Tuesday, November 20, 2007

Peterson on Free Will

I recently received a copy of Robert Peterson's new book, Election and Free Will: God's Gracious choice and Our Responsibility . It is the first book P&R's new series, Explorations in Biblical Theology, edited by Peterson, who is professor of systematic theology at Covenant Theological Seminary.

The book looks excellent--a combination of exegetically grounded and pastorally sensitive theology.

I thought it might be helpful to provide an outline of Peterson's chapter on "free will." John Piper always used to say that the first task of a good theologian is to make distinctions, and Peterson makes a number of helpful ones in this chapter:

Free Will and the Bible's Story

1. Human beings as created had true freedom and freedom of choice.
2. Human being as fallen lost true freedom and retained freedom of choice.
3. Human beings as redeemed have regained a measure of true freedom and retained freedom of choice.
4. Human beings as glorified will be perfected in true freedom and will retain freedom of choice.

True freedom = "the ability to love and serve God unhindered by sin" (p. 131)
Freedom of choice or spontaneity = "the ability of human beings to do as they wish" (p. 126)

Free Will and Reasons Why People Are Saved and Condemned
1. Reasons why people are saved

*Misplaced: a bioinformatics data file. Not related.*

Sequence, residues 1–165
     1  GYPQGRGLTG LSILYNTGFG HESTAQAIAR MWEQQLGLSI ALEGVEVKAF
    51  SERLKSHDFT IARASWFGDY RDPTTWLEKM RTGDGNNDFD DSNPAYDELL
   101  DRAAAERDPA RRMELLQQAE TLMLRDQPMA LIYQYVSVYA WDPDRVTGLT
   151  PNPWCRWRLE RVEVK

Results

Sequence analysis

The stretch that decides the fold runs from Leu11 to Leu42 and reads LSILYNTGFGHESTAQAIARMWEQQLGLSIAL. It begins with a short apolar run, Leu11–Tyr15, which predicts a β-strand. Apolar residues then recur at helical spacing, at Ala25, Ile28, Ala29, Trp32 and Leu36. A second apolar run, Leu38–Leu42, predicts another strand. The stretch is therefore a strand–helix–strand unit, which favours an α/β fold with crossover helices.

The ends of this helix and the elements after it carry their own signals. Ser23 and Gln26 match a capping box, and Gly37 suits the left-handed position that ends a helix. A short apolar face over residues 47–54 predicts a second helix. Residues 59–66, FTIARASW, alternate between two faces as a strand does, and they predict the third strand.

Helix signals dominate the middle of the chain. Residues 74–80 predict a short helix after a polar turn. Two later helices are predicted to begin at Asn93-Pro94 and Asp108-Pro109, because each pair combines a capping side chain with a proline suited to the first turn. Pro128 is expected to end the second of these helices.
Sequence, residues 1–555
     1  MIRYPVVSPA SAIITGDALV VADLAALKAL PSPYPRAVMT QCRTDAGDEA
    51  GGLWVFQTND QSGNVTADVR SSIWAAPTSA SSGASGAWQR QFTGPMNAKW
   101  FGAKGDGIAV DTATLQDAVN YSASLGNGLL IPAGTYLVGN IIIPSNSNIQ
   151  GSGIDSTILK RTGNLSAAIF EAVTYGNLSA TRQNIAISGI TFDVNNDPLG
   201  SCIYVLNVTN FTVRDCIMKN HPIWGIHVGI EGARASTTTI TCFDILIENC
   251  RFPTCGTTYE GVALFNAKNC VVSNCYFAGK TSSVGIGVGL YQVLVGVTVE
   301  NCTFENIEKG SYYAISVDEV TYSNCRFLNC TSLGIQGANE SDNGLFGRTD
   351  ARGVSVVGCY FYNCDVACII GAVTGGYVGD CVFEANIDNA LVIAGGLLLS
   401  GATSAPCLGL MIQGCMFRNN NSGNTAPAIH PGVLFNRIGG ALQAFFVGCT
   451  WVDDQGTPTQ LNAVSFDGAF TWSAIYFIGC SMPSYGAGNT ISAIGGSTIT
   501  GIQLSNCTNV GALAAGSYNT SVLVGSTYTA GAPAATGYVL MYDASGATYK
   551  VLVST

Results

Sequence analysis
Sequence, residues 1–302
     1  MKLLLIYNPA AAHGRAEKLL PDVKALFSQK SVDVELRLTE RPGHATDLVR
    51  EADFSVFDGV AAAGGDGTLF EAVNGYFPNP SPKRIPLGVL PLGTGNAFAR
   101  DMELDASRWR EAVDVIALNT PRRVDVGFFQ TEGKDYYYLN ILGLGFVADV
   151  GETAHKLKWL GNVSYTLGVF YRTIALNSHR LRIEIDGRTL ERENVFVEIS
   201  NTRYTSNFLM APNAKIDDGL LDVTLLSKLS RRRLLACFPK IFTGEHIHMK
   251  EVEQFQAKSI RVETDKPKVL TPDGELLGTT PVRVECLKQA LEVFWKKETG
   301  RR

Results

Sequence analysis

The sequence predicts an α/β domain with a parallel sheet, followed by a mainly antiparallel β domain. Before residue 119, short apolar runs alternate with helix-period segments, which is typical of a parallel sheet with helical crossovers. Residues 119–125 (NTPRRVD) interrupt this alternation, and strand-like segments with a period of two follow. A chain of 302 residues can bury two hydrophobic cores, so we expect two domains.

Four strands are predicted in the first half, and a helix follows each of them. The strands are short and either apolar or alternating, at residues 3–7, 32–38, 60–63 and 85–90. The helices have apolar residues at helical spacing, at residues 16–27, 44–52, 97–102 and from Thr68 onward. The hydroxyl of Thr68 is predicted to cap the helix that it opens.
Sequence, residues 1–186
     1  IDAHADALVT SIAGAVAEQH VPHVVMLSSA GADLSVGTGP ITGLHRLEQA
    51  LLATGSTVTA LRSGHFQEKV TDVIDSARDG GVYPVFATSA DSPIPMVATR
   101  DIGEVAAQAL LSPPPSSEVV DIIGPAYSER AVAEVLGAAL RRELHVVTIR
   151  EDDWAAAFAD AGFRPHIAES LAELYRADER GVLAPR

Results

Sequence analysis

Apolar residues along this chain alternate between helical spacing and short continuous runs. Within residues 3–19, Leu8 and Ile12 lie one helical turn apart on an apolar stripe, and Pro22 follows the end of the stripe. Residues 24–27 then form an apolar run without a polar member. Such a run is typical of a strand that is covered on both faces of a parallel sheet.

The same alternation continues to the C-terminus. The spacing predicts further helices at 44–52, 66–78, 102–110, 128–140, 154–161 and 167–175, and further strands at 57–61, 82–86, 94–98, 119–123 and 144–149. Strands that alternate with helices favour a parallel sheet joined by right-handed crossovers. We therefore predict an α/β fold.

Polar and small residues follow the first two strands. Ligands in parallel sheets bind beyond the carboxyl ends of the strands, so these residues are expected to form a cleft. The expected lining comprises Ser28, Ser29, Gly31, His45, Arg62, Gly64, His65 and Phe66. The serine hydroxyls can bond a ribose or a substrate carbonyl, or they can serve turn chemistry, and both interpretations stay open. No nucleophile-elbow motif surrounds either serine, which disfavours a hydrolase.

a. People are saved because they trust Christ as Lord and Savior.
b. People are saved because the Holy Spirit opens their hearts to the Gospel.
c. People are saved because Christ died and rose to save them.
d. People are saved because the Father chose them for salvation before creation.

2. Reasons why people are condemned
a. People are condemned because of their actual sin.
b. People are condemned because of Adam's original sin.
c. People are condemned because God passed over them (reprobation).

Free Will and Its Relation to God's Sovereignty
1. The Bible affirms both divine sovereignty and genuine human responsibility.
a. The Bible affirms divine sovereignty.
b. The Bible affirms genuine human responsibility.
c. The Bible affirms divine sovereignty and human responsibility together.

2. Parameters for sovereignty and responsibility.
a. Fatalism must be rejected as an error.
b. Absolute power to the contrary must be rejected as an error.

3. To emphasize either sovereignty or responsibility at the expense of the other is to fall into the error of rationalism.
a. Hyper-Calvinism is an error.
b. Arminianism is an error.

Of course, to see these defended, explained, and synthesized, you'll have to read the whole thing!